Putting yourself on camera is either daunting or thrilling. For most, it is daunting. In order to GSD, follow my learning video checklist: How to Perform on Camera. I’m on a mission to help people make and use video for learning purposes.  Whether you are making eLearning video for yourself or for a client, checklists are a great way to master a new skill. Performing on camera is no different than learning how to write scripts and storyboards. There is a process. There is a method. Follow this checklist and practice. Don’t listen to the haters, keep making mistakes, learn from them and help your audience improve their knowledge, skills, and behaviors. After all, you are making learning video and that is different than making a commercial or a show on Netflix. You can do it! GSD [Get Sh!t Done].

Done is better than perfect – it’s how we GSD at the LC!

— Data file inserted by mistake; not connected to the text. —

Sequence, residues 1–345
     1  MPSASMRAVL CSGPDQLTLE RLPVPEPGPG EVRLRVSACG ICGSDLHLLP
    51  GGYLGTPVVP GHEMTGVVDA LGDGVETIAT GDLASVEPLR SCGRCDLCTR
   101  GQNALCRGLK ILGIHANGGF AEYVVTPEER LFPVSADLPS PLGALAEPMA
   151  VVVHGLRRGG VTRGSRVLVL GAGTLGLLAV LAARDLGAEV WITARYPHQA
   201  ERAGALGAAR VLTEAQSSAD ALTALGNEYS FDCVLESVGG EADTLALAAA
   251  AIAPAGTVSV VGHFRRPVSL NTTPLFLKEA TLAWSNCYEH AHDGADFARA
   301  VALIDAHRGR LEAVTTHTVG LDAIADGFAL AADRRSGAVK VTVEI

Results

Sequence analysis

~Chris Karel

Learning Video Checklist - How to Perform on Camera

How To Perform On Camera – A Learning Video Checklist

The purpose or promise of video for learning is to improve knowledge, skills, and behaviors. I colorfully call this the KSB. As you step in front of the camera, remember that you are opening a portal to teach someone. There is no better way to learn how to do something than to teach it to others. So make the video now! If you need further convincing, consider this: you are an alchemist on camera–you are offering a sequence of words, expressions, gestures and knowledge nuggets that the viewing learner will turn into golden knowledge. You got this!